I will jump in and start with that and I will start with the second question first, I sure hope so. It seems like it would be a logical path for them to pursue but I can’t think and guess what they are going to do there but trust me that would be my first choice. As far as the budgets I mean cards on the table, Indiana along with everyone else is getting hit with tight time and is that going to continue to impact us, one thing I would say as Steve indicated often times it is timing. We don’t want to say that the slowness we had in Indiana was because of budgets, it is just a matter of timing when some of these projects come through, eGovernment has been proven to save state’s money, every state in the country and Indiana, Arizona and every other state is going to look and say how can we save money and that means we are going to put applications online and services online. I think it would be – I want to be cautious here but I think it has to be one of the last places they cut is the obvious place where they can save tax payer’s dollars.

Charlie Anderson - Dougherty & Co

Right.

Steve Kovzan

I don’t think I have too much more to add to that Charlie other than I think as you have seen in our numbers through the first two or three quarters of the year is that the time of materials revenues tend to be a bit lumpy for us and if there is an area of exposure for some discretionary cutback that could be an area in the future but as Harry said we expect to see strength in other areas as states move services to the Web.

Charlie Anderson - Dougherty & Co

Right, that’s all for me for now, thanks guys.

Harry Herington

Thanks Charlie.

Operator

Thank you sir. Our next question comes from the line of Chad Bennett with Northland Securities. Please go ahead sir.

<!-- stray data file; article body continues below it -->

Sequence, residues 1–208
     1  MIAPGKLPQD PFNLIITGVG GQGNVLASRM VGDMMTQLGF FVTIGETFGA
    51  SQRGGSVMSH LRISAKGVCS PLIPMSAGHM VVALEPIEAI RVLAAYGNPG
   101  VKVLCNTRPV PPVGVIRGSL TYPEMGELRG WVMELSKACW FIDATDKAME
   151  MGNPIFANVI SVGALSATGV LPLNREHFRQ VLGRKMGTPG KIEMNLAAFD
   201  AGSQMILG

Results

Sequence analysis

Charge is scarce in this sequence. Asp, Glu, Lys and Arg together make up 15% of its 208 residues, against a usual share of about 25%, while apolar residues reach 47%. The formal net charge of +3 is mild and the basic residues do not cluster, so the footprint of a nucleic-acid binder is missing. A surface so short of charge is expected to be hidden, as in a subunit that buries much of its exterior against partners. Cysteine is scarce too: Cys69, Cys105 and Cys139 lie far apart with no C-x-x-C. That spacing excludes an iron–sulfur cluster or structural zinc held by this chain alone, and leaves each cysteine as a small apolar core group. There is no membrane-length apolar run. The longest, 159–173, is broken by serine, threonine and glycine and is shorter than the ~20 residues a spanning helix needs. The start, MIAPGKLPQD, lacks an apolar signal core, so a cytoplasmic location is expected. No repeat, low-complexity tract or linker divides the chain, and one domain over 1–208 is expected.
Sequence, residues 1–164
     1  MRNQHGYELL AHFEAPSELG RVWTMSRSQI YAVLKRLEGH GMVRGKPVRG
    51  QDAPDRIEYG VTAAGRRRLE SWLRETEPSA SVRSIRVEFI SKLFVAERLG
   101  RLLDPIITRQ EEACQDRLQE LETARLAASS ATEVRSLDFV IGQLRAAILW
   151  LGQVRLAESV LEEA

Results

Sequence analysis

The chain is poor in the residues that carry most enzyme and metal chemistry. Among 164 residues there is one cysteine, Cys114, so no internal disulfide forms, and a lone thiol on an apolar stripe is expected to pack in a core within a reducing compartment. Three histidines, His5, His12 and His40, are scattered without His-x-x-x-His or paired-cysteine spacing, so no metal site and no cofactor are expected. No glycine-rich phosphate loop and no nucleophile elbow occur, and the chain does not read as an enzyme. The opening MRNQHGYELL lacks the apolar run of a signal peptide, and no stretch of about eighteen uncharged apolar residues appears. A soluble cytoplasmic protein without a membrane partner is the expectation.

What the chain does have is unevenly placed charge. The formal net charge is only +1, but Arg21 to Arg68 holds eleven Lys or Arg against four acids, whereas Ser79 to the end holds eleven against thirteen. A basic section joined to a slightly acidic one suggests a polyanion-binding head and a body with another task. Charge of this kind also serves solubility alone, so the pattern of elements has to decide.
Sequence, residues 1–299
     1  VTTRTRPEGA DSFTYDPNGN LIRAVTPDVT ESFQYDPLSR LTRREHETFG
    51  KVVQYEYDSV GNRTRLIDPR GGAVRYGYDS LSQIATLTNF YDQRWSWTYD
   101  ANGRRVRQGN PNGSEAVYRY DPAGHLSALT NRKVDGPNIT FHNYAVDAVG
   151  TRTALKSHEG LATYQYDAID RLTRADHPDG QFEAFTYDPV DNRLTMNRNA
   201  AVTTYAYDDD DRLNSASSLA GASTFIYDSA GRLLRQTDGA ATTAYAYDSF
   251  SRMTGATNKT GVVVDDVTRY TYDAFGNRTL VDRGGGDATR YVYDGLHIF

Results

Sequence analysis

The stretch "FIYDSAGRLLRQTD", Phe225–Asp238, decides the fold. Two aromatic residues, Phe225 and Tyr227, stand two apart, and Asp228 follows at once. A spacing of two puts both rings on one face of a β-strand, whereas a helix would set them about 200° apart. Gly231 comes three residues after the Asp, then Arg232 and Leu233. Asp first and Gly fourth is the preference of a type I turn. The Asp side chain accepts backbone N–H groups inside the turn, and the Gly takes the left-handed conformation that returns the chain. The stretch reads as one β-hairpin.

Chad Bennett - Northland Securities

Hi. I guess a couple of questions on the Georgia – I know you don’t want to get into too much detail but can you give us a timeline of kind of how the events came about and I think you indicated you backed away basically in the last week but when did you officially submit your offer or proposal for the RFP?

Harry Herington

Chad I am going to be very careful here and the reason for that is because I am under an NDA in Georgia, I have spoken with the legals here to figure out what I can say and what I should say as a publicly traded company out there and so I really cannot expand beyond and give much more information. In Georgia their timelines, they were very clear that they want to keep all of this as confidential as they could but Chad my hands are kind of tied.

Steve Kovzan

Yes, Chad, we submitted the RFP I think in the September timeframe and so early September, mid-to-early September and so the chain of events have taken place certainly from that point until now is about all we can give you in terms of –

Harry Herington

The only other thing is what I stated earlier, the State of Georgia cancelled the RFP.

Steve Kovzan

Right.

Chad Bennett - Northland Securities

But we knew this was a managed service opportunity the whole time?

Steve Kovzan

Yes we did, you didn’t because again we are not at liberty to discuss the details of the contract but we were the three vendors that were involved with the process, we were given the RFP but the public was not given the RFP.

Chad Bennett - Northland Securities

Okay and we submitted obviously a self-funded opportunity?

Harry Herington

I am not going to go into that again for obvious reasons. We submitted a response and had great conversations with Georgia.

Chad Bennett - Northland Securities

Okay on the gross margin line Steve, obviously there are seasonal factors, I guess on the Arizona side, do we see feel more impact from the Arizona conversion that we are doing and are we seeing any upside in potential within that state from the original terms on the fixed contract there?

Harry Herington